Updated: 6 days ago
Day by day, as we embark on our regular travels through familiar suburbs, we have goals that keep us focused on where we need to be and what we need to do. We know exactly where each of our children needs to be dropped off, what groceries we are running out of, what clothes need urgent washing…
Once in a while, we head off on longer journeys–we look forward to these with excitement. They take us away from the familiar, to somewhere new and unexplored. They take us away from our daily routines and rushed pace of living–into another rhythm, of another place and mindset.
Pilgrims are travellers whose destinations are holy, spiritual places. The purpose of their journey is to expand their spiritual horizons. That is, to explore those aspects of their lives which lie outside of their materialistic concerns: the experience of their being, of God, and of their values and purpose.
Day by day, as we embark on our regular travels, many of us utilize to-do lists. These help to focus our attention on what we would like to achieve regarding our materialistic responsibilities and the expectations of our roles.
They help us to experience a sense of control over the happenings of our day and keep us motivated with a sense of achievement, as we keep crossing our to-do items off…
Dear pilgrim-esses, I sometimes find that the business of my everyday life, the hustle and bustle around me, the media that bombards my senses–can disconnect me from being mindful of myself as a pilgrim. They may distract me from being mindful of the direction of, and the to-do items on, my most important journey!
So, I like to add a column to my to-do-list, with intentions for my spiritual growth–to empower myself to take charge of how I want my being to unfold and how I want to experience myself and my connection with my faith.
There is a multitude of sport psychology studies that rave about the benefits of setting goals. The top two include: helping us to stay motivated and helping us to take control of what we want to focus our mind on (as opposed to our mind following, like a lost sheep, whatever captures its hold).
Whether I want to:
· Focus on rejoicing in God’s presence in a given moment;
· Foster the experience of love within myself by choosing to care for myself throughout the day, as well as others;
· Show my inner experiences and those of others more compassion;
· Feel connected with the wonder of God’s creation and notice it around me;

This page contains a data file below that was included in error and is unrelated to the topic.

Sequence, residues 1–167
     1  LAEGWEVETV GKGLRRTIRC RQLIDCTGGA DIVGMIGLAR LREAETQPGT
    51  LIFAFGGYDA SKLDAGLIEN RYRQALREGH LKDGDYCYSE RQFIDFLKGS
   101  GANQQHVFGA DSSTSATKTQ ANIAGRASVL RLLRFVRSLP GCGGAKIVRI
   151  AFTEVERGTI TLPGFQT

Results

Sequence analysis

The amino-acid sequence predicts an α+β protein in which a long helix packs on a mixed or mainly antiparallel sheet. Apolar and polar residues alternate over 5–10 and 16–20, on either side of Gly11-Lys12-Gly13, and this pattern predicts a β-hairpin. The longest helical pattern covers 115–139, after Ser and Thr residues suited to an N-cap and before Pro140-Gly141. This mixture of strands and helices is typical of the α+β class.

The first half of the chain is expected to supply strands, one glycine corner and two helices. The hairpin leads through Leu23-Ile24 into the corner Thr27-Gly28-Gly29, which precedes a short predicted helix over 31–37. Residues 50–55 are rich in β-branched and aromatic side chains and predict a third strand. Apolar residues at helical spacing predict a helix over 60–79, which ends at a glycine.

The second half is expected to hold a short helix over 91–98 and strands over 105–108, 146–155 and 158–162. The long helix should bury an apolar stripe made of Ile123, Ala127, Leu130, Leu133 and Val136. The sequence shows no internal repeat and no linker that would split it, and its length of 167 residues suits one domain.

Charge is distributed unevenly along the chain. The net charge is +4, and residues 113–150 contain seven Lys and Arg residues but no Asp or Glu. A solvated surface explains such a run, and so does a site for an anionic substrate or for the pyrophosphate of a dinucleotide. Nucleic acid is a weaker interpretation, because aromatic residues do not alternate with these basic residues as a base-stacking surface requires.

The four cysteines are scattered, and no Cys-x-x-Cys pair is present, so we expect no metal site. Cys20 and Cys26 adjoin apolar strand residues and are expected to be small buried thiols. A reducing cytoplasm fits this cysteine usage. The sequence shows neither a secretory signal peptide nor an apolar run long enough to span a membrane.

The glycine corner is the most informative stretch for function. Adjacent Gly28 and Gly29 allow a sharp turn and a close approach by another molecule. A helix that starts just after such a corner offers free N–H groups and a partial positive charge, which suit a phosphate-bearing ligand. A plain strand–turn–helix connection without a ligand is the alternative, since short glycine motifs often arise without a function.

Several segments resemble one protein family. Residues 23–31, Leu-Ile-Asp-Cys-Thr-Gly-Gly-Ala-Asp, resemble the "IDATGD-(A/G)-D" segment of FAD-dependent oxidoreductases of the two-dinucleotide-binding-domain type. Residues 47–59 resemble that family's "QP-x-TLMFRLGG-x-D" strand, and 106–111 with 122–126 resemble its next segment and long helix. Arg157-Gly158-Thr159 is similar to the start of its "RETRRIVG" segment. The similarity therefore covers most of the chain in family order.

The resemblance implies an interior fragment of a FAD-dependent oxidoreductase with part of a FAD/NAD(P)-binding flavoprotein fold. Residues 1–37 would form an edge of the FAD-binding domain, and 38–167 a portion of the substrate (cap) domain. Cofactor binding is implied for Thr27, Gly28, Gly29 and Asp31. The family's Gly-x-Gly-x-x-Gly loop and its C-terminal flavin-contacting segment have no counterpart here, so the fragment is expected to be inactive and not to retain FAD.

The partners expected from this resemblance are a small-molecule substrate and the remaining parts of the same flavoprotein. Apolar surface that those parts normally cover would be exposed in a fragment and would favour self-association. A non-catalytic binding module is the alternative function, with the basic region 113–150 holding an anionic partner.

· Foster a sense of trust in being God’s creation and in His care;
· Practice the awareness of the blessings around me, by consciously being more grateful;
· Keeping my awareness of my inner peace and joy, even throughout the usual ups and downs of my day;
I find that a small, quiet intention, can go a long way towards shaping that experience for me.
Saint John Paul believed that seeing ourselves as pilgrims is very valuable. He said: “…nothing can give us a profound sense of the meaning of our earthly life …an inner attitude of seeing ourselves as pilgrims.”
However, many women downplay the importance of attending to their inner experience and self-development, as they continue to be influenced by social/historical restrictions such as unequal distribution of power and consideration towards their experience.
"Adventure" and "exploring new horizons," for many, are associated with masculinity. Women’s identity is often tied to attending to others’ wellbeing, within the confines of their homes, more so with seeing themselves as pilgrims.
However, our most significant journeys do not need an expensive plane ticket or an exotic, faraway destination.
Like rivers which travel down the mountain tops, and become part of the vastness of the sea; or travellers who reach mountain summits, to discover the immensity of the Earth–in our own pilgrimages, our beings journey through this life’s pilgrimage. From the usual short-sightedness of our daily emotional patterns and reactions, to a long-sighted appreciation of the vastness of our own and others’ endlessly unfolding beings.
Seeing ourselves as pilgrims and witnessing our own and others’ spiritual growth is a journey with the most breathtaking views of them all.
References: John Paul, and Peter Canisius Johannes van Lierde. Prayers And Devotions From Pope John Paul II. Print. Williams, J. and Krane, V. (2015).
Applied sport psychology. New York (N.Y.): McGtoraw-Hill education.